In this Research Topic we welcome submissions that explore collective action on climate and the development of public will. Following Raile and colleagues' definition of public will as "a social system’s shared recognition of a particular problem and resolve to address the situation in a particular way through sustained collective action," we are seeking papers that elucidate the individual, institutional and social factors that lead people to become active politically on climate change, as well as the barriers that inhibit them from doing so.

• What individual factors—anger, hope, efficacy and risk perceptions, social norms—motivate people to engage in collective climate action, and what inhibits them from doing so?
• How are the new online tools for movement-building being used, and how effective are they?
• What strategies are environmental groups using and who are they targeting?
• What roles do social media, interpersonal communication and mass media play in fostering or inhibiting activism?

Quantitative papers informed by the literature on social movements, science communication, strategic communication, environmental psychology, cognitive psychology and any other relevant area of focus are welcome, but we are requesting that authors help us place their contribution within its appropriate context. One of the challenges of climate change communication research arises from the broad range of fields in both the social and environmental sciences that publish relevant research. Thus, readers are often confronted with papers from disciplines outside their own area of expertise with theories that are unfamiliar to them. One method of addressing this challenge is clarity on the theoretical roots of a study, and specificity on the ways in which this particular study expands our understanding within a theoretical perspective. Hence, to assist in the development of a coherent body of research on climate activism, we ask that authors draw on Slater and Gleason's 2012 excellent framework for categorizing types of research. The framework includes nine types of research, most of which have sub-categories: studies that address fundamental conceptual issues; extend a theory's range; elucidate causal mechanisms and contingencies; create a new theory; describe phenomena and generate hypotheses; or compare, synthesize or review theories. We ask that authors include at least one sentence in their article where they specifically note which category and sub-category of research they are conducting, referencing the full Slater and Gleason framework.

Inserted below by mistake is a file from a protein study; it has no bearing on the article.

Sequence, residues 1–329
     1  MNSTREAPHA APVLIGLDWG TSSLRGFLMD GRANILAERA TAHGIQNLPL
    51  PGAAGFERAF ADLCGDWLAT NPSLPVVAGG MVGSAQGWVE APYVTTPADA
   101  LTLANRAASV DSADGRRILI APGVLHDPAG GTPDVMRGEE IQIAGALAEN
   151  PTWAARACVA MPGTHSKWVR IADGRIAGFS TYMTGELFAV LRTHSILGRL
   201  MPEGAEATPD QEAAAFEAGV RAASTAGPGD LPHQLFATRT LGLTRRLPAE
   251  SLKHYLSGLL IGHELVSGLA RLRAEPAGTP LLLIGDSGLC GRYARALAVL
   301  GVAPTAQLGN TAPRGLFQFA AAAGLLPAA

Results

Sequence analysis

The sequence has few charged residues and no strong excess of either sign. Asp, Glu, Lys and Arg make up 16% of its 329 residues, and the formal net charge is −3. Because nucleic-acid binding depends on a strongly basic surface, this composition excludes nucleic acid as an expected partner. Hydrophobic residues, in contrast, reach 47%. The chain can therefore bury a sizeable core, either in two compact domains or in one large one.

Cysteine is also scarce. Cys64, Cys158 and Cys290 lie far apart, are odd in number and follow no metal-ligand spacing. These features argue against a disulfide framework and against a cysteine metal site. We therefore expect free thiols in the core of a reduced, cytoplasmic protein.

Keywords: climate change communication, environmental activism, consumer activism, public will, strategic communication.

Important Note: All contributions to this Research Topic must be within the scope of the section and journal to which they are submitted, as defined in their mission statements. Frontiers reserves the right to guide an out-of-scope manuscript to a more suitable section or journal at any stage of peer review.